A separate question here is whether it’s okay to own a lot of stocks simply because you have a lot of ideas. My answer to that is yes. If you have a lot of equally good ideas – spread your money around evenly.
But are the ideas actually equally good?
My test is whether I can or can’t discern between the quality of the stocks involved. It’s a subjective and personal test. I know I can’t exactly predict which of 5 possible good ideas will work best and which will work worst. That’s predicting the future.
And that’s not what I mean. But, in our Swatch issue we mentioned 6 companies. We mentioned Swatch (obviously) which trades at about 11 times EBIT. We mentioned LVMH which trades at 15 times EBIT. Richemont trades at 17 times EBIT. Fossil at 8 times EBIT. Movado at 7 times EBIT. There are 3 Japanese watch makers. We mentioned only two. They trade between 10 and 14 times EBIT.
Now, if you said you’d like to diversify by buying all the Japanese watch makers – I’d say fine. I don’t particularly like any of them at today’s prices. But if I did like one – I’m not sure how different I’d feel about Citizen, Seiko, and Casio. So, if you wanted to diversify among those 3 - that’s fine. I’d pass on all 3. I’m not sure I can choose between them.
Likewise, if you said you wanted to buy Richemont and LVMH – I can see how you might think they are similar. I’m not sure I’d agree. And I would spend more time looking at those companies. They really aren’t that similar. And they are expensive.
The 3 watch companies I think it would be okay to diversify among are Swatch, Movado, and Fossil. I’m not sure I like Fossil as much as Swatch or Movado. Fossil relies a lot on Michael Kors. It’s an unusually hot watch brand. It also skews incredibly female. So, a really big portion of Fossil’s profit comes from sales of women’s watches under the licensed name: “Michael Kors”. That’s unusual for a watch company. A watch brand is usually not as young as Michael Kors in terms of its history. Most watch brands are really old. Some licensed brands aren’t. But – putting aside Michael Kors – each licensed brand for Fossil and Movado is normally quite small. No one brand matters that much other than the owned brand that the company has. In the case of these two companies that’s the Fossil and Movado brands.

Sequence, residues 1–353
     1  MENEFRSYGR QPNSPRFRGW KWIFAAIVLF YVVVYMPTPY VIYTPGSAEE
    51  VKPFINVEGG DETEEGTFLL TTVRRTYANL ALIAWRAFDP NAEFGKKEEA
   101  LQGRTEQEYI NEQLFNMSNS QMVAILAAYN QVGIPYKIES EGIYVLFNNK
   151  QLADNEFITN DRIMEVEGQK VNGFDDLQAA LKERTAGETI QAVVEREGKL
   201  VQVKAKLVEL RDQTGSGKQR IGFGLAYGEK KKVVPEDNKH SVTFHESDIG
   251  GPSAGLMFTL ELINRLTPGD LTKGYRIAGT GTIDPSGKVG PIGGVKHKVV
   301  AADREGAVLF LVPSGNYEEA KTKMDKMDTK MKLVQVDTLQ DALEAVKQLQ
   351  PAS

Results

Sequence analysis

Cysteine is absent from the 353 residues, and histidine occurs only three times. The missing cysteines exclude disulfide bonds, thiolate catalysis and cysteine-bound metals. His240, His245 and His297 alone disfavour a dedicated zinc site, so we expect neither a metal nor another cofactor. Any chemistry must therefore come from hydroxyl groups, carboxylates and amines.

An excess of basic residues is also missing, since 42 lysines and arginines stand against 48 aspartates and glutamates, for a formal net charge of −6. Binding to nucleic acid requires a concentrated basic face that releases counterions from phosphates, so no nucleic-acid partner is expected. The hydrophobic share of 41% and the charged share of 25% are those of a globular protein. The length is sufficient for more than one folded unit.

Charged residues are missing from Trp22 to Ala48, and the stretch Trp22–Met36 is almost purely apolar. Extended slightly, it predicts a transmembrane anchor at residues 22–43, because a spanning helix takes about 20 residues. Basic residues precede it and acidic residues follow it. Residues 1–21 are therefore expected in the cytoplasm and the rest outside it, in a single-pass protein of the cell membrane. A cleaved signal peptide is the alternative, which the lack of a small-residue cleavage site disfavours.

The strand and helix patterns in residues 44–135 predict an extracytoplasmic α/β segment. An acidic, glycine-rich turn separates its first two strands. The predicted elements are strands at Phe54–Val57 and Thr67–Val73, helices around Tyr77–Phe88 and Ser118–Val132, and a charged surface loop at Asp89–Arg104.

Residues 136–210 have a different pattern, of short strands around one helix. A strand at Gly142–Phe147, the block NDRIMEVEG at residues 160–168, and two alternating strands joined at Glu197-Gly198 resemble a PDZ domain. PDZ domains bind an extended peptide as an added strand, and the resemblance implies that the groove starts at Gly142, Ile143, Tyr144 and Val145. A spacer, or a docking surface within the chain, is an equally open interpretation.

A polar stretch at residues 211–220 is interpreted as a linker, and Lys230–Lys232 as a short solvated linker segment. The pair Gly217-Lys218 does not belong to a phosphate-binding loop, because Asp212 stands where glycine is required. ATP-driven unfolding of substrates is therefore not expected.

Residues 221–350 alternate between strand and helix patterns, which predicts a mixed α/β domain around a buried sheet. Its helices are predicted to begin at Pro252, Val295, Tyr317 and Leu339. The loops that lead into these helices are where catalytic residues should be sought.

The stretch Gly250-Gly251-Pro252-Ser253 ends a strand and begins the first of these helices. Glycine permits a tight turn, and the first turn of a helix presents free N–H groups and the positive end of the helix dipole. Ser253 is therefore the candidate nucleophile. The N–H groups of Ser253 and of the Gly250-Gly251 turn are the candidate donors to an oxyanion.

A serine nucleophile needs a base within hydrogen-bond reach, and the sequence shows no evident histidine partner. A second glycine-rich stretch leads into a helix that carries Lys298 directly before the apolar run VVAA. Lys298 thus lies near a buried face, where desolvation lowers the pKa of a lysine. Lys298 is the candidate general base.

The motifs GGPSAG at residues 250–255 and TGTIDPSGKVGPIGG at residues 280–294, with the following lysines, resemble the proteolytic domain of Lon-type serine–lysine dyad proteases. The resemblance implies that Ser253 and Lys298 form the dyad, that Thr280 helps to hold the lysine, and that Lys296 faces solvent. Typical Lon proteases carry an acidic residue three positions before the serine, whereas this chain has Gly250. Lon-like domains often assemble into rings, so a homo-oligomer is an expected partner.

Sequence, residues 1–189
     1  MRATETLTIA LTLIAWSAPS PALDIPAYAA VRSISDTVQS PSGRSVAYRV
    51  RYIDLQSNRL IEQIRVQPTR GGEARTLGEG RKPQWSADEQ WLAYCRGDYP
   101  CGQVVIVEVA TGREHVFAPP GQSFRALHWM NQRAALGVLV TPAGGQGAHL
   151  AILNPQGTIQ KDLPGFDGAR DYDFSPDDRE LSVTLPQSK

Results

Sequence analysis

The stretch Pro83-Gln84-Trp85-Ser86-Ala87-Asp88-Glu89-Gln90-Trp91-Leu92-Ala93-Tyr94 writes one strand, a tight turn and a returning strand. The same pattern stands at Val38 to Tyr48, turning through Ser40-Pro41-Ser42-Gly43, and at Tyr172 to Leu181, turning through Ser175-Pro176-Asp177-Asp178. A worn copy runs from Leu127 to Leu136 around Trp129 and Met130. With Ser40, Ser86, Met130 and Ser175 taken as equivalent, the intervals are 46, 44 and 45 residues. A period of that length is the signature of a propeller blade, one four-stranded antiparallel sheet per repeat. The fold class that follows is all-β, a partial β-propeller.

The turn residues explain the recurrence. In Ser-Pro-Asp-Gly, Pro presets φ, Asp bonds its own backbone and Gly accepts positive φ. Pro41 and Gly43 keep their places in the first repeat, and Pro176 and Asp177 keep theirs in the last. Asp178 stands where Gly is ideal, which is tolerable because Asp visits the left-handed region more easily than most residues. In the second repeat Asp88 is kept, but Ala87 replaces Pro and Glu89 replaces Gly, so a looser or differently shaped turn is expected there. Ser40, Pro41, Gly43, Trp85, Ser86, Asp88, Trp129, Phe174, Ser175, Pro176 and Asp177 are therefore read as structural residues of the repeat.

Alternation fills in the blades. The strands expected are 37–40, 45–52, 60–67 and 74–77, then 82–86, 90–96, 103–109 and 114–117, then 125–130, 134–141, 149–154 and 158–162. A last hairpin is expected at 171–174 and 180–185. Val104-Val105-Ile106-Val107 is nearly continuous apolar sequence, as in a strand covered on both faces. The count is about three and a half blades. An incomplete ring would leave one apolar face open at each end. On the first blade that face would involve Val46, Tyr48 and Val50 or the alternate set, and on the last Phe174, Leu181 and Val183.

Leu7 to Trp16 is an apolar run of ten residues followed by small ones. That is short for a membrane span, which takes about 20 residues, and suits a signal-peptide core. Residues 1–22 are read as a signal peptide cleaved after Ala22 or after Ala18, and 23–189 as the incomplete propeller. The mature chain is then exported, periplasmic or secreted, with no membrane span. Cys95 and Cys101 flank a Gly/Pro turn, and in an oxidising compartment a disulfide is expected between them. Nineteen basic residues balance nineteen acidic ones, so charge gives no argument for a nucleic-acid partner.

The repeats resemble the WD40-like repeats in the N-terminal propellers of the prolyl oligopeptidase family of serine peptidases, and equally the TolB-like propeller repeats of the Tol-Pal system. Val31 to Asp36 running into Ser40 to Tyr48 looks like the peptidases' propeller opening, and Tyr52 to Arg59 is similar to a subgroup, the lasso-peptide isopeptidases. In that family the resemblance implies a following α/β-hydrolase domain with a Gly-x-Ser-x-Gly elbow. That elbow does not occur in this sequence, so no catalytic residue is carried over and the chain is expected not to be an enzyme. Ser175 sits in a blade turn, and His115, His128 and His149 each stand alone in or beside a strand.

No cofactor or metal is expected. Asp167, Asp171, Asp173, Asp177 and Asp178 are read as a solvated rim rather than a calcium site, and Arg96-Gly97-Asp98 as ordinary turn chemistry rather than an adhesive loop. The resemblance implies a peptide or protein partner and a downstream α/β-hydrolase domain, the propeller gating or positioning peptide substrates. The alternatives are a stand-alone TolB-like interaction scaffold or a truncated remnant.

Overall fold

I think a basket of Swatch, Movado, and Fossil would be fine. I don’t think I’d want to buy Fossil alone. But, maybe Fossil will be the best performer long-term. Fossil is strong in licensed brands. They can be the best home for a lot of licensed brands in the future. So, they can win licenses that eventually become hits. And we can’t predict what brands those will be. But Fossil is in a good position to get them. So, while I consider Fossil more speculative than Swatch and Movado – I wouldn’t blame anyone for creating a basket of all three watch companies.